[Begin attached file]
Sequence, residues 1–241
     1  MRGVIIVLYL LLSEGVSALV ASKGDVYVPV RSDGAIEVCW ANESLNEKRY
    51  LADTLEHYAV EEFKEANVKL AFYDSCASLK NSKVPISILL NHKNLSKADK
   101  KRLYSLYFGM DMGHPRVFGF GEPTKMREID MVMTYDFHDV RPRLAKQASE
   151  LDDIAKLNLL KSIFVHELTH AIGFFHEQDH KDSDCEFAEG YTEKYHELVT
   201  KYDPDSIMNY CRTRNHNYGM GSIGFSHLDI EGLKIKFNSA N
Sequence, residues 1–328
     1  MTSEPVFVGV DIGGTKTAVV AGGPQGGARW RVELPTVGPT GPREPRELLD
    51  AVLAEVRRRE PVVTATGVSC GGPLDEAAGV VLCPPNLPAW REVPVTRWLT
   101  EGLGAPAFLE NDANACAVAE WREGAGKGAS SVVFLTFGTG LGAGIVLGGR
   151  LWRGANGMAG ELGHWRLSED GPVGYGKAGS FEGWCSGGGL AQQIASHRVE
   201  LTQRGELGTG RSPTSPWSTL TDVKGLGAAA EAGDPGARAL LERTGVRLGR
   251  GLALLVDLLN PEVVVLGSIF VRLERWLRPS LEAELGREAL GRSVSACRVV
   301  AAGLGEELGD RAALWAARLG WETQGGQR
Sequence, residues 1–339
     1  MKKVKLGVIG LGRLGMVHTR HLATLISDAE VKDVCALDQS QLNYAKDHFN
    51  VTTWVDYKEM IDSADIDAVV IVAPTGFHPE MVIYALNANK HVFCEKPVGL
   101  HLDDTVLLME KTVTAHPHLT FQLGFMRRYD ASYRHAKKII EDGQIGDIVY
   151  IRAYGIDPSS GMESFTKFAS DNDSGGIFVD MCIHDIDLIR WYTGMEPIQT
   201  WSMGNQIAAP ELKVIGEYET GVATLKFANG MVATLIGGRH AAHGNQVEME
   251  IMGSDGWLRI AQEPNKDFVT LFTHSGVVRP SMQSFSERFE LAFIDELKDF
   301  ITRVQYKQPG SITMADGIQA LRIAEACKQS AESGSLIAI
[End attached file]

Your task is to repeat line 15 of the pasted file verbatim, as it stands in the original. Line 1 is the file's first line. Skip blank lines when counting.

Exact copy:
Sequence, residues 1–339